He was advised that until the kashrut supervisor issued a final ruling on his Jewishness, Logvinenko would not be allowed to light the stove or the oven in the supermarket kitchen, since, according to the laws of kashrut, non-Jews are forbidden from heating food. Instead, Logvinenko would be demoted to the role of vegetable cutter.
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A few months passed and Logvinenko was slowly allowed to take on other tasks. Assuming it would no longer be a problem, given that he had already provided official documentation of his Jewishness, he began lighting the stove and oven again. “Everyone saw, and everyone knew,” he says. “Even the kashrut supervisor, who didn’t say a word.”
Until he did. Sometime in late March, the kashrut supervisor approached Logvinenko and asked whether he had just lit the oven. Logvinenko responded that he had. “The kashrut supervisor then had a major fit and began shouting, and then the managers came and they also started shouting,” he recounts.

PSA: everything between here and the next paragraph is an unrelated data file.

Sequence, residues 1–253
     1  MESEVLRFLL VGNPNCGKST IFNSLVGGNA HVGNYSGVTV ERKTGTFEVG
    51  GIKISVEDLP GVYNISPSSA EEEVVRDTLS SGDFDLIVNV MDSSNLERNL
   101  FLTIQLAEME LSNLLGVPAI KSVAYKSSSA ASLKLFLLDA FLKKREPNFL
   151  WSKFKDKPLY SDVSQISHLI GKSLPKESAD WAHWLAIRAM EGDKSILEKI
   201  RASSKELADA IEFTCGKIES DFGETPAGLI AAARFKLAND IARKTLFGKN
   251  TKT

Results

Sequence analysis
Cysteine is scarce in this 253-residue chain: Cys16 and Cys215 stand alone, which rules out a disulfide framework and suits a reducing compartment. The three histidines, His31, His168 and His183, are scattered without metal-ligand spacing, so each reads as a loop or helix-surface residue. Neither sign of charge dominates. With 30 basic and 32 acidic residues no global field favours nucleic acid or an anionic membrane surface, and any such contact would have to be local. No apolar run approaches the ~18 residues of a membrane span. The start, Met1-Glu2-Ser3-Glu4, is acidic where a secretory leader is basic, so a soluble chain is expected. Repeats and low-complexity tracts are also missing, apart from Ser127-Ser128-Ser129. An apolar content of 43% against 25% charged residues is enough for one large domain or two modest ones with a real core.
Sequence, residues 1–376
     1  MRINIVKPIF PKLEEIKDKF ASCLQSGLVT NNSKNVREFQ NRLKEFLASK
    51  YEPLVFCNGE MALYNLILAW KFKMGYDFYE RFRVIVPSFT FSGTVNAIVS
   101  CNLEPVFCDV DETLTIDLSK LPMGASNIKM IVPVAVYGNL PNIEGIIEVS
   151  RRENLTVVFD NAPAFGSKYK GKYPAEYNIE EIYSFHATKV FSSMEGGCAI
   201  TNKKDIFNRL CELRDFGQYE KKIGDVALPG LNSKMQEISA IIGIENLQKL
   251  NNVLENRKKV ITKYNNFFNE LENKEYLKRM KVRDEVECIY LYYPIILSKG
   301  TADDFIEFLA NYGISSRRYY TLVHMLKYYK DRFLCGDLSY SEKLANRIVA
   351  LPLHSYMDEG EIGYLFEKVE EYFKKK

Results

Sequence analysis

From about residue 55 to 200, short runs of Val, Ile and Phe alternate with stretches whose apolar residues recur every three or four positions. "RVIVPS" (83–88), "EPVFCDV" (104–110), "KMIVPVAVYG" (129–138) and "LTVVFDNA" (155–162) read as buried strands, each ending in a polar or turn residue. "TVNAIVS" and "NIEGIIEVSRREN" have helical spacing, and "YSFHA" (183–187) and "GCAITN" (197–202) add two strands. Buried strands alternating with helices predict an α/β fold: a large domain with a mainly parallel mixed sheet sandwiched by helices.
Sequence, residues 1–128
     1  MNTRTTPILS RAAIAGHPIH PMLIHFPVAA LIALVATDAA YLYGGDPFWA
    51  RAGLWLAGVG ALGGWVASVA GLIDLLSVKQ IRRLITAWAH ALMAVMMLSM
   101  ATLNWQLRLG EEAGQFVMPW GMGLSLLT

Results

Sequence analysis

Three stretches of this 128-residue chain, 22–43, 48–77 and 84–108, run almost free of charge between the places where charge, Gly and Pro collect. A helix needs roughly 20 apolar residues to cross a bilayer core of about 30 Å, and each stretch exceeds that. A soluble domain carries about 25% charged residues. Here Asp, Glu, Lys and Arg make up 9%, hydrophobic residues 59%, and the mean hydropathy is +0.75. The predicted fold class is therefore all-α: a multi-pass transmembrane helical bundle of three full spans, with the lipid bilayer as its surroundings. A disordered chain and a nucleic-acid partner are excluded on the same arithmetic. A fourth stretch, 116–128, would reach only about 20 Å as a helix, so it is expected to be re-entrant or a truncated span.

A few weeks later, right after Passover, Logvinenko was fired.
More than 2,100 Israelis have since signed a petition initiated by Israel Hofsheet, expressing their solidarity with Logvinenko and their outrage at Yochananof for cooperating with what the organization terms the “racism” of the Chief Rabbinate – the institution in charge of kashrut supervision in Israel.
Logvinenko has become an unlikely poster child for the religious discrimination long experienced by Russian speakers in Israel.
Guilty as charged